Hydrogeologist Job Description

Hydrogeologists study the distribution, availability, flow and quality of underground water. They apply knowledge of fundamental geology to determine how an area’s rock types and structure impact underground water occurrences and movement.



Hydrogeologist Job Duties

• Liaise with professionals in related fields, such as hydrologists, ecologists, engineers and others

• Assess the impact of that construction, mining, agriculture and landfills will have on groundwater quality and availability

• Design and commission bore holes

• Sample and measure groundwater ad surface water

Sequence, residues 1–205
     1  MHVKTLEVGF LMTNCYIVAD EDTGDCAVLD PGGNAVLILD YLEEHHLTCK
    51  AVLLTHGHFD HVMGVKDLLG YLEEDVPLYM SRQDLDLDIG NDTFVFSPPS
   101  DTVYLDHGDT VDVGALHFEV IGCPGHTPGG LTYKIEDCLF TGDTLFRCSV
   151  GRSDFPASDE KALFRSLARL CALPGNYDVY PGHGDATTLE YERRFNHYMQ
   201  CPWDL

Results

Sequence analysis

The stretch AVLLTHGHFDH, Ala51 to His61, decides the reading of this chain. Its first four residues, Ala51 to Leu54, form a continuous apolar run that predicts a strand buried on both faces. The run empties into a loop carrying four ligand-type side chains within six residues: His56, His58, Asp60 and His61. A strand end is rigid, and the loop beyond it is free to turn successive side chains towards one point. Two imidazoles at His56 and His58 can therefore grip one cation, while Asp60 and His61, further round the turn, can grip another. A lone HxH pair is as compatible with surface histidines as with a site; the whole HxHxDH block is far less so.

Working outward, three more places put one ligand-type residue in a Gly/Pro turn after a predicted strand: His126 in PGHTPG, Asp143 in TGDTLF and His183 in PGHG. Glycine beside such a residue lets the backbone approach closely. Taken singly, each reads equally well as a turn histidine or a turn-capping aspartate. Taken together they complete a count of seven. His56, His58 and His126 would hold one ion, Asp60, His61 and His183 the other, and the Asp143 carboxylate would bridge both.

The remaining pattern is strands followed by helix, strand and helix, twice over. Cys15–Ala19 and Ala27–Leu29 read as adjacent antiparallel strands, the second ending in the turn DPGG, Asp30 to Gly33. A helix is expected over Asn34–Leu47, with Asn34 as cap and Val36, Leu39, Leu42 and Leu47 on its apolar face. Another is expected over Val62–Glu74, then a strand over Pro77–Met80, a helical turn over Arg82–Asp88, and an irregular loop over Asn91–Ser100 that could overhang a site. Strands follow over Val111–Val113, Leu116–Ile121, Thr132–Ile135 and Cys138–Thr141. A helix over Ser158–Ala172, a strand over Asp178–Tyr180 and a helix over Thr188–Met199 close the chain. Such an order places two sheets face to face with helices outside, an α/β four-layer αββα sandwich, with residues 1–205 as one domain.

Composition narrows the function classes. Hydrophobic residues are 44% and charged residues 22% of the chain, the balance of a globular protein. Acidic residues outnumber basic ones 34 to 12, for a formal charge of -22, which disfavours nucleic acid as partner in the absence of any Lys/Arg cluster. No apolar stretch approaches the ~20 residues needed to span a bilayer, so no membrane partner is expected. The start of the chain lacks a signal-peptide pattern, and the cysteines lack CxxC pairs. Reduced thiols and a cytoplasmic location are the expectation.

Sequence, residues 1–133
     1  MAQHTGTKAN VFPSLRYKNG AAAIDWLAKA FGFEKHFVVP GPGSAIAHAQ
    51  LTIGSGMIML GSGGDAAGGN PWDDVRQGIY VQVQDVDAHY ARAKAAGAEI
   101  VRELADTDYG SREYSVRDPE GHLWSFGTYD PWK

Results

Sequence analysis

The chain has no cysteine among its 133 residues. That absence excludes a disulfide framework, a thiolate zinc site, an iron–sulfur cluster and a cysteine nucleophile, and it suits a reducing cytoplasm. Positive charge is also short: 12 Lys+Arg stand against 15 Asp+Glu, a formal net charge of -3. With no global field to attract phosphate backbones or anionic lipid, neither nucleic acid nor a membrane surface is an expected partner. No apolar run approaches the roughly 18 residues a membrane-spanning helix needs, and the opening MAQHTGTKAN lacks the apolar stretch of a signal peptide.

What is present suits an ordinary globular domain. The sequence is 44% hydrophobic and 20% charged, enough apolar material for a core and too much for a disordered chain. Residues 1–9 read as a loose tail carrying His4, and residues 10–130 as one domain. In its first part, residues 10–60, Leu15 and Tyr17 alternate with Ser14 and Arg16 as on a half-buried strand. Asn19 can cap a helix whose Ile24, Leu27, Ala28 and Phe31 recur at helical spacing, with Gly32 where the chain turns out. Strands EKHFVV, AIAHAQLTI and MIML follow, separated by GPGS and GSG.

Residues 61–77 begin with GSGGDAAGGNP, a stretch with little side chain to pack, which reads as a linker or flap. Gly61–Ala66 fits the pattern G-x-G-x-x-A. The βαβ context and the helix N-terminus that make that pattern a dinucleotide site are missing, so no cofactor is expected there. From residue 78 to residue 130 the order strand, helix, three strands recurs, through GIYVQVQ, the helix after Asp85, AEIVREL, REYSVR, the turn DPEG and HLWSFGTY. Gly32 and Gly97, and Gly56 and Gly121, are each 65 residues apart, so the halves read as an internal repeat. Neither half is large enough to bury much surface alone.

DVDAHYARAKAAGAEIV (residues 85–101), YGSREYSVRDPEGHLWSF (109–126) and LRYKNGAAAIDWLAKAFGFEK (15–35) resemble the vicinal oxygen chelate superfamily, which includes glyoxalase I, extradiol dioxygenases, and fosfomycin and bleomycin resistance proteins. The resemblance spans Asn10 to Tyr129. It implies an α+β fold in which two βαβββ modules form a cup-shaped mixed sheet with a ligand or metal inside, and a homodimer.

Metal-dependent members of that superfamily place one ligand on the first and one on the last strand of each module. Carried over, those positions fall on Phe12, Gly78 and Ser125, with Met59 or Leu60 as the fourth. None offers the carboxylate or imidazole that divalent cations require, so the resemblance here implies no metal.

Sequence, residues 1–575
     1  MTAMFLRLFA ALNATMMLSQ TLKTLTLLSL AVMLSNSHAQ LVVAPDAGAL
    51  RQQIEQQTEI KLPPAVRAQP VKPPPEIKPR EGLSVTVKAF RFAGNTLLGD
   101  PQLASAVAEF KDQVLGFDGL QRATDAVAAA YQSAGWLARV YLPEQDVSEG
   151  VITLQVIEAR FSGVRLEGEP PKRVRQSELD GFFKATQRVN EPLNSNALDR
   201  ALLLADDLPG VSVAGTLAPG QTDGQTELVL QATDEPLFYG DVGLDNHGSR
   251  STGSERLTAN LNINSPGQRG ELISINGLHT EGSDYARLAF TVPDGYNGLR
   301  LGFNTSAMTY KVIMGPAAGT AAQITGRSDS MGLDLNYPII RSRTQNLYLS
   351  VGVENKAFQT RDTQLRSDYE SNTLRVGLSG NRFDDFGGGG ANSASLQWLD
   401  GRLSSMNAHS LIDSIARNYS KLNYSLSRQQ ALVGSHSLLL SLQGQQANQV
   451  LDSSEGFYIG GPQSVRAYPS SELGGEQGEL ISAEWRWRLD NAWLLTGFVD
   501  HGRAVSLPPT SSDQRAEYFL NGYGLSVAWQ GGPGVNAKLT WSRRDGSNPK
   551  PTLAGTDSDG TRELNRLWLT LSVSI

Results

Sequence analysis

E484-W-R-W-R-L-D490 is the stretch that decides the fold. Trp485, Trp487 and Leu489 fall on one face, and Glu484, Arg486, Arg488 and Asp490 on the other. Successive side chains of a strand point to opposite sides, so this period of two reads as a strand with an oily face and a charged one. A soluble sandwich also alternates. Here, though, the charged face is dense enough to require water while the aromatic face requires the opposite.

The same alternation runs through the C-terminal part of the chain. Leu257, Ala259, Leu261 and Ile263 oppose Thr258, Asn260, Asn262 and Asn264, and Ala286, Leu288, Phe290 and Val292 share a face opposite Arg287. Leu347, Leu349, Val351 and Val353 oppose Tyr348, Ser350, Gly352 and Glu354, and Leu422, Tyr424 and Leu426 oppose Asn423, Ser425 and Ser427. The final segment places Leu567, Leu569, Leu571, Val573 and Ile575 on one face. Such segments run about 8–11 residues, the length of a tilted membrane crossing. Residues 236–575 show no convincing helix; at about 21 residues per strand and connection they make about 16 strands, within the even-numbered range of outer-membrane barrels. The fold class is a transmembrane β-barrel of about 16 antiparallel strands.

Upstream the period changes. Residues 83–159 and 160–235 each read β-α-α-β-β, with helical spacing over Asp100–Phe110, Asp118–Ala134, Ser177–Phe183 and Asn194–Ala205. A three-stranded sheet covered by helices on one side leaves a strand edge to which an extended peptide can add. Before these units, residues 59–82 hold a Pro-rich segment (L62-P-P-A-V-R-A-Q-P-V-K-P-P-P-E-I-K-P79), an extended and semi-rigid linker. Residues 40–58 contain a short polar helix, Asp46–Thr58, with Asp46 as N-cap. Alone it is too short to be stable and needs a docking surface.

• Interpret maps and geographical data, historical evidence and models to build up a picture of the groundwater regime or land contamination

• Model groundwater flow, chemistry and temperature with the assistance of computer programs

• Undertake environment impact assessments of groundwater abstraction and management activities



Hydrogeologist Salary

The salary for hydrogeologists can vary greatly depending on many factors, including their level of experience and education, where they work, and many others.


Salary figures for hydrogeologists in Alberta: According to the 2011 Alberta Wage and Salary Survey, Albertans in the Geologists, Geochemists and Geophysicists occupational group earned on average from $40.80 to $60.85 an hour.


Salary figures for hydrogeologists in Canada: According to ECO Canada, geologists working entry-level jobs make an average of $36,500 per year in Canada. With several years of experience and advanced education, geologists earn an average of $75,000 per year.